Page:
Monday, August 29, 2016

Sweet Home Alaska by Carole Estby Dagg

I saw this book in the new section at our local library this spring. I was smitten as soon as I saw the title, and the synopsis on the inside flap only increased my interest. Young book loving girl moving to Alaska during the Great Depression as part of FDR's Matanuska Colony? Oh yes. Having lived in the Matanuska Valley of Alaska for several years my self, I couldn't help but glom onto this with the highest hopes. 

And for the most part, it succeeds. I was initially a little leary of all the Laura Ingalls Wilder references on the back of the book. For whatever reason, the publisher made it sound like Terpsichore was running around, checking off some sort of Larua Ingalls Wilder checklist. Since Laura Ingalls Wilder had only published one or two books during the time period this book was referring to, I felt that was a little inauthentic sounding. People nowadays try to be just like Laura or run around in a sunbonnet pretending, but in the 1930's, Laura Ingalls Wilder was just a new, interesting, and fairly popular author. She had not attained cult status. 

Fortunately, Terpsichore just admires Laura and only very occasionally mentions her. She isn't basing every decision on What Would Laura Do? So now we have a girl moving to Alaska  who admires Laura Ingalls Wilder. How cool is that? 

But it gets cooler! Terpsichore (pronounced terp-sick-o-ree) loves gardening and was active in her local library in Wisconsin. She is determined to bring culture (in the form of a library) to the last frontier and to grow the largest pumpkin Alaska has ever seen. She sets up the first library in Palmer, storing books in one of the Matanuska Colony tents. Terpsichore is fictional of course, but Palmer Library did begin as a collection in a Matanuska Colony tent. Carole Estby Dagg does a great job of seamlessly mixing fact with fiction. (Check out the history of Palmer Library if you would like to see where the facts come in.) 

And all kids need a good librarian to admire.

Carole Estby Dagg is a relatively new author, leaving her librarian job to learn more about writing. She published her first book at 67 (speaking of Laura Ingalls Wilder...) and this is her second book. She says that once upon a time, she was the library girl at their local school--doing story time for little kids and helping kids check out books. There is a lot of Dagg in Terpsichore. Also, Dagg's son lives in Palmer, AK, so she has a vested interest in all this history.

Terpsichore is a strong, determined young lady. She really wants to move to Alaska to stick by her close friend, whose family decided to take advantage of FDR's program and move from the collapsing economy of Northern Wisconsin. Terpsichore's father is interested in moving to AK as well, but you have to be on relief to qualify. He has worked and worked to not go on relief, so this seems a bit raw to him. Terpsichore's mother is definitely anti-AK. She would prefer living with her rich mother in Madison.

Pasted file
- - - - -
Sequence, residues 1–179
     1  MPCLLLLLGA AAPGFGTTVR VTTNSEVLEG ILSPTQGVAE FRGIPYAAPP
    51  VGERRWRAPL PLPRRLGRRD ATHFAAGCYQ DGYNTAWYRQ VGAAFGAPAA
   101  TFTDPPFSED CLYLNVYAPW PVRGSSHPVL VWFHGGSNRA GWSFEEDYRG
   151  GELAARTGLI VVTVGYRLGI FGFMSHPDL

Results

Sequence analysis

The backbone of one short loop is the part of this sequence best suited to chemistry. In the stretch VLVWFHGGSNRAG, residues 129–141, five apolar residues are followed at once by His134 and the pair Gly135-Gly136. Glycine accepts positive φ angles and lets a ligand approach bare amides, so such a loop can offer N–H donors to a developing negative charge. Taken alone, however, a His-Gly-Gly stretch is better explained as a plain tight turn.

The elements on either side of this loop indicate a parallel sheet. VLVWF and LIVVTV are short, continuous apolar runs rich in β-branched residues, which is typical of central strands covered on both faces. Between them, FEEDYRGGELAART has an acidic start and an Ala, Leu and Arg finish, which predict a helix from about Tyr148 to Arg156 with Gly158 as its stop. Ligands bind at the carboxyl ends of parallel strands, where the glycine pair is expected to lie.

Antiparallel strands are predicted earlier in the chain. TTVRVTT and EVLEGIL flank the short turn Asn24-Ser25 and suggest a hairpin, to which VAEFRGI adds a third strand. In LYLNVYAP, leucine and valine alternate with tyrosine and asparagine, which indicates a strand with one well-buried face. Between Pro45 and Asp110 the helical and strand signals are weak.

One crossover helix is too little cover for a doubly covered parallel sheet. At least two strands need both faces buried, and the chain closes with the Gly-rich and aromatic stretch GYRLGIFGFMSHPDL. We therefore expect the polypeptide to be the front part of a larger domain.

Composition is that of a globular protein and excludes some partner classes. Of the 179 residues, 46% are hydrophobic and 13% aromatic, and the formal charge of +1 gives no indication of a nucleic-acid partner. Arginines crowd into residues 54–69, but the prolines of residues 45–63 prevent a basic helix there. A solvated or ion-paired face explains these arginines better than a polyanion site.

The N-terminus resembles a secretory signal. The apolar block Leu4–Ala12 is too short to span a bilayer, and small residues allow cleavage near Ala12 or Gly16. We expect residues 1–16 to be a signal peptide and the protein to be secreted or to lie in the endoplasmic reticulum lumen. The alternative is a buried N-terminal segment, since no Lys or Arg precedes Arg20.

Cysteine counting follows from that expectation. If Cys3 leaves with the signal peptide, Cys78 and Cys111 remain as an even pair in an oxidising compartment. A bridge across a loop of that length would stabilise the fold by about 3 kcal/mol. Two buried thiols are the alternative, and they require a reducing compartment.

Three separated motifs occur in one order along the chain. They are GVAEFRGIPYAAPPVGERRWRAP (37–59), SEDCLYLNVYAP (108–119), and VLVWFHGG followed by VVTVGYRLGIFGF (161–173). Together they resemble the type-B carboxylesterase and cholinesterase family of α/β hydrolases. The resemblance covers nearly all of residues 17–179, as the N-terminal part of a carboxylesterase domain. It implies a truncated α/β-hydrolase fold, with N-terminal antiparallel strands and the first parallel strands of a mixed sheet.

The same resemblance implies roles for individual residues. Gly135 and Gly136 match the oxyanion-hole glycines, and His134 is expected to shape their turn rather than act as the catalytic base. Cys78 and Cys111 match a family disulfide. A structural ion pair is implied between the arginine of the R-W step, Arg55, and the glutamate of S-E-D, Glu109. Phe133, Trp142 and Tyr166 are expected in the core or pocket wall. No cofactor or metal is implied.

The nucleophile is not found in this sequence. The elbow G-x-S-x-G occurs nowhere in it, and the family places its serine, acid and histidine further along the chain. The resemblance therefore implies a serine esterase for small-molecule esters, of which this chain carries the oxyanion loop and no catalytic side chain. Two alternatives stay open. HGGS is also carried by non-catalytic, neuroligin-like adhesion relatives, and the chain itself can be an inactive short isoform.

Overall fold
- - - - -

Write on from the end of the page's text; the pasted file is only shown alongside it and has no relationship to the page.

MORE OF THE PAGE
A little careful conniving by Terpsichore, and a good deal of convincing for her mother, gives the family a chance to be part of the Matanuska Colony.  Terpsichore's enthusiasm wanes as she learns her best friend's family is not moving to Alaska, but their course is set and she must leave her friend behind. North they go!

The entire process of getting to Alaska, all the bureaucratic hoops they must jump through, is fascinating. There was a lot of careful research to make it all seem authentic. I feel like Carole Estby Dagg could have done a better service to Alaskan scenery, though. Having been through the inside passage and knowing the area she is talking about, the landscape is completely staggeringly beautiful. Terpsichore doesn't seem to notice. There are brief mentions of it, but not the rhapsodical odes that it seems to merit. But then, that might be more in keeping with most young kids world view. Terpsichore is more interested in the people she meets than the mountains. I just happened to be a shy kid who liked to stare at the landscape. 

Arriving in Alaska in the spring and living in a colony of tents is just as muddy and mosquito filled as you would think it would be. Terpsichore's mother is more convinced than ever that living with her mother is a better idea than this muddy, mosquito filled tent town, so she gives a year and a half ultimatum. If they haven't made good by then, they get to move back to Wisconsin. Terpsichore sets about making sure that doesn't happen, making friends, settling in, and making Alaska a home along the way. Her efforts to make her mother love Alaska bring her finally to the Alaska State Fair, at the end of August.  

This is a book about a young girl finding her way in the world while America's last frontier is being settled.  Terpsichore's determination and pluck make you love her, while her set backs make her relatable. 

There are several notable historical facts that Dagg includes, like Will Roger's stop through Palmer that makes this book worthwhile reading for young kids learning American History. 

This is a good 'un!

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